The campaign for disqualified Conservative leadership candidate Patrick Brown has confirmed they are still using the confidential Conservative Party membership list to send members fundraising emails.
In one email obtained by True North from a Conservative member, the Brown campaign promotes its legal challenge to re-admit Brown in the Conservative leadership race, saying the Leadership Election Organizing Committee (LEOC) did not provide the candidate with due process to contest the allegations against him.
After candidates submit their cash deposit and are verified by the party as being eligible to run, they are given the party’s confidential membership list to promote their campaign to party members.
Brown’s email asks supporters to donate to his campaign, directing recipients to the fundraising portal set up on the Conservative party’s website.
“Federally, Patrick is conducting another legal challenge to the Conservative Party of Canada’s Leadership Election Organizing Committee’s decision to disqualify him from the party’s leadership race. Due process was never followed,” the email says.
The email was sent by campaign manager John Mykytyshyn, who claimed not to be a part of the Brown campaign when Rebel News reached out to him for comment in March.
Mykytyshyn did not respond to a request from True North by time of publication.
True North reached out to the Brown campaign’s spokesperson Chisholm Pothier for comment. Pothier confirmed that the campaign still had access to the party’s membership list.
“We received the list that was given at the time to communicate to the members on that list,” Pothier said. “We continue to do so.”
He also accused True North of providing Pierre Poilievre with favourable coverage and called the Canada Strong and Free Network’s Conservative leadership debate one of “the worst Conservative leadership debates ever.”
“Maybe you should stop being a newsletter for Poilievre and do some actual journalism,” he said.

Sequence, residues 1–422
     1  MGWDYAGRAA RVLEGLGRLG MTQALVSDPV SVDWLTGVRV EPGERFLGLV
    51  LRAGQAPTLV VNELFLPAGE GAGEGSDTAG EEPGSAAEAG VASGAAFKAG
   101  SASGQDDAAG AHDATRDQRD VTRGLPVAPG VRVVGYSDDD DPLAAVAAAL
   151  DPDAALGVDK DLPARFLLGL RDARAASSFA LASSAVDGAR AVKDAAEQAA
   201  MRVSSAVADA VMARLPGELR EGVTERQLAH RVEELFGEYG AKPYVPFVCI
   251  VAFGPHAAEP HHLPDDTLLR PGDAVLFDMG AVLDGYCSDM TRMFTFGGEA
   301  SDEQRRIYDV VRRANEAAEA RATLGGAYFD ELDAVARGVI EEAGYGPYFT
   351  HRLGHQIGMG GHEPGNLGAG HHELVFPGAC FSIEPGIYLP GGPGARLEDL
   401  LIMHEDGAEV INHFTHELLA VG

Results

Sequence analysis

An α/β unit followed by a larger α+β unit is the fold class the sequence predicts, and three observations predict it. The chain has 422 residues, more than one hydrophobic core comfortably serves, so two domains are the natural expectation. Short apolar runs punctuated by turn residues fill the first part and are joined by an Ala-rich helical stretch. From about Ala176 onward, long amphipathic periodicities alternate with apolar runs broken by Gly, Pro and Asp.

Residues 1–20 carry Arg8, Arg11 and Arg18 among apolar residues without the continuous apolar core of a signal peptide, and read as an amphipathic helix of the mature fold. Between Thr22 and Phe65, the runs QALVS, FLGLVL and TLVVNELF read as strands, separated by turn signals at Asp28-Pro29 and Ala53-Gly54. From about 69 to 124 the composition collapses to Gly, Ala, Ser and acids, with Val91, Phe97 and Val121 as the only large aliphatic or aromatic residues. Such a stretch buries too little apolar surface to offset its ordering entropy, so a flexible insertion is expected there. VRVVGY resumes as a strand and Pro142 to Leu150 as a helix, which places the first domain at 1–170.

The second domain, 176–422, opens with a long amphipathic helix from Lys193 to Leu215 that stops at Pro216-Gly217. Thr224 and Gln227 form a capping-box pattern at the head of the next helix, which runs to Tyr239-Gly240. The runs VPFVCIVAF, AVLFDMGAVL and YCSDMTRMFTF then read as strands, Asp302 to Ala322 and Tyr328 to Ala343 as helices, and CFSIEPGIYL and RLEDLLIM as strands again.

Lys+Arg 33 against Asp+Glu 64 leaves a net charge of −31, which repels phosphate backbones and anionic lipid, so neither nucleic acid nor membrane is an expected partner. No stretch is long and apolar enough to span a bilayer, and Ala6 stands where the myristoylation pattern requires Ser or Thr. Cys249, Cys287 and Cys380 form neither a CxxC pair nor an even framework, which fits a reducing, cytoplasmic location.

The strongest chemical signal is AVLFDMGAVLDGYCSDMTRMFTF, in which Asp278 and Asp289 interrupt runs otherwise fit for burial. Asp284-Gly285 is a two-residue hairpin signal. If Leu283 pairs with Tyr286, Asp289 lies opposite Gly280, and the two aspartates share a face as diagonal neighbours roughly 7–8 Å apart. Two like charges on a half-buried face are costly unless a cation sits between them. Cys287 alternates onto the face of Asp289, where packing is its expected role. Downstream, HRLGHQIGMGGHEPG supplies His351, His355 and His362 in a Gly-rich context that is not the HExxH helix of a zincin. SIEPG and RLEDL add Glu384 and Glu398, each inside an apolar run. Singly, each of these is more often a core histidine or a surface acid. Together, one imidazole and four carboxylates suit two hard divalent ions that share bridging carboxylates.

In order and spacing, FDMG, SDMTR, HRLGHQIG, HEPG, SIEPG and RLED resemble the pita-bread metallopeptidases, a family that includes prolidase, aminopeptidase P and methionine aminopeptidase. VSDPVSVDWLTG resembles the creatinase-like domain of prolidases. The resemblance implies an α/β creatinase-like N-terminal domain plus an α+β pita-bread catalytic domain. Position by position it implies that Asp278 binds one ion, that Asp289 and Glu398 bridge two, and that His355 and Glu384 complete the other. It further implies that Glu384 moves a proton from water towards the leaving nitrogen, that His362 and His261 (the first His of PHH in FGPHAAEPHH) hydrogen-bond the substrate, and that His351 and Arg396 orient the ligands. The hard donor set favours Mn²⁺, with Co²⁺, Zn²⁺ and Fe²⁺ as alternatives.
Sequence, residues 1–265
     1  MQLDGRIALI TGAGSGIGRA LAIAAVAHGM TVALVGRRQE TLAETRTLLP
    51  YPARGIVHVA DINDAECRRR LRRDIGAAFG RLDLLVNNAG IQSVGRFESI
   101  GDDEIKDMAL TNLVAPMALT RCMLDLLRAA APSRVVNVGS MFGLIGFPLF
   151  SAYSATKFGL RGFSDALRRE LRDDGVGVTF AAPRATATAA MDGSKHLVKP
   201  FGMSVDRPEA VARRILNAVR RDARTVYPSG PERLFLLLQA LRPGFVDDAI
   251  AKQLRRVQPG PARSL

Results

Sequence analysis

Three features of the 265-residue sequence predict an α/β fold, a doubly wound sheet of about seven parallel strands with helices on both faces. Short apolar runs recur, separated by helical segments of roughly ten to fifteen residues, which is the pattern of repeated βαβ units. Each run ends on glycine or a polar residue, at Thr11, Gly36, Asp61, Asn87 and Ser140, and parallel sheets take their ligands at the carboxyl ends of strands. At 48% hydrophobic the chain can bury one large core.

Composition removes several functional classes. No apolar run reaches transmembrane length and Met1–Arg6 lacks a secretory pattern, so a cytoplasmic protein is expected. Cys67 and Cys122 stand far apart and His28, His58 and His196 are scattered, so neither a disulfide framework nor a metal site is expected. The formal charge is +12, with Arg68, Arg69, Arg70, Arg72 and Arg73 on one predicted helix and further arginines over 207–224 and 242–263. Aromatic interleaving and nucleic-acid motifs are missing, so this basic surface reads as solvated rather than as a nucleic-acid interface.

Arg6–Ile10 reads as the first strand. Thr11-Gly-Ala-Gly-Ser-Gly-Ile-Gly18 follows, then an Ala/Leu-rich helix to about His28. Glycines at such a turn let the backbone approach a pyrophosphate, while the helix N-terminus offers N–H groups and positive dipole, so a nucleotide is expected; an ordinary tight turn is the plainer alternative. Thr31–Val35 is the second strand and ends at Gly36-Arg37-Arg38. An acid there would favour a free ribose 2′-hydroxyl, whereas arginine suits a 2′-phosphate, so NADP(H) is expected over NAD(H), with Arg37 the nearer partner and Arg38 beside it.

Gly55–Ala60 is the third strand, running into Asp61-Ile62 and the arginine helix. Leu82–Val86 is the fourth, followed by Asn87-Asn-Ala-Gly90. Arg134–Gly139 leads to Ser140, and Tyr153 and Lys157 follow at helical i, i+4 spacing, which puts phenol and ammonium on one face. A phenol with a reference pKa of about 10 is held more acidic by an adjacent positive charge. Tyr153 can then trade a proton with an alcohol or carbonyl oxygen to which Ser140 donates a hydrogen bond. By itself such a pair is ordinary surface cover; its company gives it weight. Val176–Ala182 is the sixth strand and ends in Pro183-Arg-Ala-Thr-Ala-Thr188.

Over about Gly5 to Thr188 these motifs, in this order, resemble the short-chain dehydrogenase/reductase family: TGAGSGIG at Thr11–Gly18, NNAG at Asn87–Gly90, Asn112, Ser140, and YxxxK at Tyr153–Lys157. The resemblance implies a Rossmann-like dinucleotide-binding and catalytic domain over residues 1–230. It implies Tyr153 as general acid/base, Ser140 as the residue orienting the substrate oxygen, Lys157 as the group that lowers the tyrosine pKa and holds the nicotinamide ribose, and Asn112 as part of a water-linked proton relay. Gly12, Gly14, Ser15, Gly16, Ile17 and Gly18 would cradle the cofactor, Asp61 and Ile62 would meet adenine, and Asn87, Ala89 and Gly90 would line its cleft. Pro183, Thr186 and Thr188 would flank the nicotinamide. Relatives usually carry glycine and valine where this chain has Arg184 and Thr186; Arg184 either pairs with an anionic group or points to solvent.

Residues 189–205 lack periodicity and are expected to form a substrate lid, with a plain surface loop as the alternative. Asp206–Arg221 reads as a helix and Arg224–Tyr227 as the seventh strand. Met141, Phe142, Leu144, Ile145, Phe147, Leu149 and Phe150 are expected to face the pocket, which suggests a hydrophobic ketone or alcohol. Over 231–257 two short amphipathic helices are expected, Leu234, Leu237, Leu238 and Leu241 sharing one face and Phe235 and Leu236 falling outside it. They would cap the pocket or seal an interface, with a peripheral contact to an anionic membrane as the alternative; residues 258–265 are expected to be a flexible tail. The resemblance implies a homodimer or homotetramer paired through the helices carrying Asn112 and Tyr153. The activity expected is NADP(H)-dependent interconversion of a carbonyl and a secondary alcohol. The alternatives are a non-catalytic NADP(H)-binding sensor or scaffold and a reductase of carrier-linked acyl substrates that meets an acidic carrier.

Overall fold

Brown has retained renowned Canadian lawyer Marie Henein to challenge his disqualification, though it’s not clear whether there is a path to reinstatement through the courts. Section 3.1.10 of the Conservative leadership rules clearly states that decisions made by LEOC are final and not subject to judicial review.
The Conservatives have disputed Brown’s claims that he wasn’t given sufficient time to respond to the party’s allegations, saying that all the details of their claims cannot be made public as the case was referred to Elections Canada.
“In the spirit of good faith and fairness, the party gave them every opportunity to clarify and resolve their concerns aside. Ultimately that effort failed,” said Ian Brodie in a statement sent to Conservative members.
“To be clear, the Brown campaign knew full well what the allegations were. Any suggestion to the contrary is simply incorrect.”
The Brown campaign claims that they only learned of the allegations once Brown’s former regional organizer Debbie Jodoin came forward to the media revealing herself to be the whistleblower.
Jodoin alleged that she was being paid by a corporation to work for the Brown campaign, which is prohibited in section 4.2.6 of the Conservative leadership election rules.